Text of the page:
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DisjunctivismPerception, Action, Knowledge$
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Adrian Haddock and Fiona Macpherson

Print publication date: 2008

Print ISBN-13: 9780199231546

Published to Oxford Scholarship Online: May 2008

DOI: 10.1093/acprof:oso/9780199231546.001.0001

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Introduction: Varieties of Disjunctivism

Introduction: Varieties of Disjunctivism

Chapter:
(p.1) Introduction: Varieties of Disjunctivism
Source:
Disjunctivism
Author(s):

Adrian Haddock (Contributor Webpage)

Fiona Macpherson (Contributor Webpage)

Publisher:
Oxford University Press
DOI:10.1093/acprof:oso/9780199231546.003.0001

This introductory chapter argues that there are a number of different varieties of disjunctivism. But it is suggested that a mark of disjunctivism, in all of its varieties, is a refusal to credit a certain kind of significance to the fact that a pair of states can be indistinguishable from the subject's point of view. Three different varieties of disjunctivism about experience are introduced: experiential disjunctivism, according to which indistinguishable experiences can differ in intrinsic nature; epistemological disjunctivism, according to which indistinguishable experiences can differ in epistemic significance; and phenomenal disjunctivism, according to which indistinguishable experiences can differ in phenomenal character. A comparison is made with disjunctivism about bodily movement, and disjunctivism about reasons for acting. It is suggested that each variety of disjunctivism stands opposed to a Cartesian picture of the relation between the inner and the outer worlds.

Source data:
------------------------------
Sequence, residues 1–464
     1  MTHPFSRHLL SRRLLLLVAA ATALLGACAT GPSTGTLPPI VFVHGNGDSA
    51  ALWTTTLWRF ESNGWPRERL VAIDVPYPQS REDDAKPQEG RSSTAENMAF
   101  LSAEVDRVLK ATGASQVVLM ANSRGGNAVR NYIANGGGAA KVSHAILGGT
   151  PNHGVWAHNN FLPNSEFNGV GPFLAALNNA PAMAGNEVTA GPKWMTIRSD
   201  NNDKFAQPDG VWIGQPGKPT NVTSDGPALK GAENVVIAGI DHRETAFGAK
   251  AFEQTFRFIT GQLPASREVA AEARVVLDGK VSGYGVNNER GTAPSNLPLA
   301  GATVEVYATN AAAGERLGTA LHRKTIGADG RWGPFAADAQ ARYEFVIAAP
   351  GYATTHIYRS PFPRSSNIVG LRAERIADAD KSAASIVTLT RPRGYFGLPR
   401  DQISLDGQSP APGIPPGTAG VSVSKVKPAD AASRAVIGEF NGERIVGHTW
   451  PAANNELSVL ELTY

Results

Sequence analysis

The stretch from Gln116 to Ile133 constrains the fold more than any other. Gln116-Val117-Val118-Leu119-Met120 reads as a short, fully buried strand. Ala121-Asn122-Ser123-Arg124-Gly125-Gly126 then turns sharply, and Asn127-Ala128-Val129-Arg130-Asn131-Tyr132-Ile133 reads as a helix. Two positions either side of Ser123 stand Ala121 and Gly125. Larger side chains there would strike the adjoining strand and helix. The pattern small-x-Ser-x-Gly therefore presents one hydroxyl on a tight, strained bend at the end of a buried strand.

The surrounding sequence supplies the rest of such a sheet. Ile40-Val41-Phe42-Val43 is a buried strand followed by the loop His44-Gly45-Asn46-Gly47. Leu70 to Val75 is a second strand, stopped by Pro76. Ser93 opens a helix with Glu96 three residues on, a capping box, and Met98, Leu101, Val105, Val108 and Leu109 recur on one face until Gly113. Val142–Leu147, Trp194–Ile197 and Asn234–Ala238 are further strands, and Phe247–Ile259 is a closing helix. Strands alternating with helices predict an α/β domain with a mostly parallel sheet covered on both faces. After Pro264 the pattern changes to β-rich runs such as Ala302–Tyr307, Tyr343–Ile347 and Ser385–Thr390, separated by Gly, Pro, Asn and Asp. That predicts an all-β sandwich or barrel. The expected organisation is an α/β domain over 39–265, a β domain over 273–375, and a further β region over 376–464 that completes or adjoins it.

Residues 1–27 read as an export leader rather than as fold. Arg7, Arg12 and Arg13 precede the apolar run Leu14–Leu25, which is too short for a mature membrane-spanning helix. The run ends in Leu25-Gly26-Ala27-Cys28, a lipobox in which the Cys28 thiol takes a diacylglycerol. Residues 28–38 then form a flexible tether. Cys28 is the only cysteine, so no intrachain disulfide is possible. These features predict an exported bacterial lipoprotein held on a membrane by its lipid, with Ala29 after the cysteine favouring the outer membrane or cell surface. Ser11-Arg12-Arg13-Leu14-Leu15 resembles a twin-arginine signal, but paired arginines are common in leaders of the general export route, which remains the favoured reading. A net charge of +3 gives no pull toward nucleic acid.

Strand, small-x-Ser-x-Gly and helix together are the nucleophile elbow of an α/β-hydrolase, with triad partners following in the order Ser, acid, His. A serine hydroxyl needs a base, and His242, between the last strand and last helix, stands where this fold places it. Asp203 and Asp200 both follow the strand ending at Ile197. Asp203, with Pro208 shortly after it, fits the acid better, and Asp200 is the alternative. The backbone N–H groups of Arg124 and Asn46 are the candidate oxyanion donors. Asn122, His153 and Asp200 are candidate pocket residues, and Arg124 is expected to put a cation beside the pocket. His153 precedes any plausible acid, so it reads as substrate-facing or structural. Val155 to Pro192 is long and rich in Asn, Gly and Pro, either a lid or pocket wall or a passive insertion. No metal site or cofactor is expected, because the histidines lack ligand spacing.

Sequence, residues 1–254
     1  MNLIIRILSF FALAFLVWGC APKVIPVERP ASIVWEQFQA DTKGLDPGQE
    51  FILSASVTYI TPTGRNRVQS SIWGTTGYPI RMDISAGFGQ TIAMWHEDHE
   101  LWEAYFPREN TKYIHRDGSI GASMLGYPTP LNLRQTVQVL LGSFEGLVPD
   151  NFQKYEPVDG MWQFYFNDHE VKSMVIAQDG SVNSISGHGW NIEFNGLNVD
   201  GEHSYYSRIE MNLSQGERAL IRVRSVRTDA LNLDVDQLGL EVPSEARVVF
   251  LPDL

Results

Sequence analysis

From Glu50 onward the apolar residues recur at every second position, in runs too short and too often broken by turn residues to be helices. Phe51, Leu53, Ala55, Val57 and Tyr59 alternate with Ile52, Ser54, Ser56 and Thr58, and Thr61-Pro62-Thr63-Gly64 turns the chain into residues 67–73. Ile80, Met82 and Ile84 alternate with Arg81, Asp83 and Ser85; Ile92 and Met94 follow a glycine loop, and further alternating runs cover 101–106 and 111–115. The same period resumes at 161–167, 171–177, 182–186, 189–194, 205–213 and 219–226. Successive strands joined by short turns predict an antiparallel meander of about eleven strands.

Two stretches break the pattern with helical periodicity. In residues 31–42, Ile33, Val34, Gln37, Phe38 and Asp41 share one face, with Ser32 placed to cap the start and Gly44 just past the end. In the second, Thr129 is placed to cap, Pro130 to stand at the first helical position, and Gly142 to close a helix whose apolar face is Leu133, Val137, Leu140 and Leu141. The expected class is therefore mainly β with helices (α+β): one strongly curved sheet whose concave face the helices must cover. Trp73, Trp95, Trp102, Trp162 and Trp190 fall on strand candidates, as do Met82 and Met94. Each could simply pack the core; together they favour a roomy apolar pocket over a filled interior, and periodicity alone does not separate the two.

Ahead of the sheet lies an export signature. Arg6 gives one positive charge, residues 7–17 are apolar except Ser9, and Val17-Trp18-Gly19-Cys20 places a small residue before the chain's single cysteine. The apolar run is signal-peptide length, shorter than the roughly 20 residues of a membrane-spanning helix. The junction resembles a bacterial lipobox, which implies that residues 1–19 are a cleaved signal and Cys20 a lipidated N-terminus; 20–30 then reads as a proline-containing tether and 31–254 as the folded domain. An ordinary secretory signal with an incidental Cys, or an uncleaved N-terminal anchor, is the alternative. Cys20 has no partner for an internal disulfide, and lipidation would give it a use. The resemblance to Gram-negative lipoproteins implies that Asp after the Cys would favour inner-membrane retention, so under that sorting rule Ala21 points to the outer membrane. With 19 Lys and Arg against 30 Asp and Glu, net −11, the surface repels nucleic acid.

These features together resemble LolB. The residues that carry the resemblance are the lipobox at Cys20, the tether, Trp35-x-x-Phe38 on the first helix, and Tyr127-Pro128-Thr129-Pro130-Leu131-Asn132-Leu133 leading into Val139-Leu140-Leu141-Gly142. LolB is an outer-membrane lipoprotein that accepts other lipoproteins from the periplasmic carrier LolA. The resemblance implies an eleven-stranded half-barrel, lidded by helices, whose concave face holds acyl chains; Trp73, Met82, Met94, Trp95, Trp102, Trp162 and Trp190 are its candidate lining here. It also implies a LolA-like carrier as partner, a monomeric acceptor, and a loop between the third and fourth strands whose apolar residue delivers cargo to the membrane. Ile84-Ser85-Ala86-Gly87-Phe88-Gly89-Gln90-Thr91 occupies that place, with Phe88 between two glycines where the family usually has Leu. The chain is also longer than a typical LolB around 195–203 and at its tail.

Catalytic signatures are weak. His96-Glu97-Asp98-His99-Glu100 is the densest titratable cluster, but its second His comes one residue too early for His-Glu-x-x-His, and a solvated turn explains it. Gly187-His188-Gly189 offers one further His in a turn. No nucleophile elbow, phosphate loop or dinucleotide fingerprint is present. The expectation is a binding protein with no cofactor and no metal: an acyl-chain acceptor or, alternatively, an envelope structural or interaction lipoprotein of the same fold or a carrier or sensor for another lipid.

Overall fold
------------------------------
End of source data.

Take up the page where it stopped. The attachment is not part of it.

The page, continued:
Keywords:   perception, action, knowledge, mind, epistemology, indistinguishability, experience, phenomenal character, bodily movement, reasons

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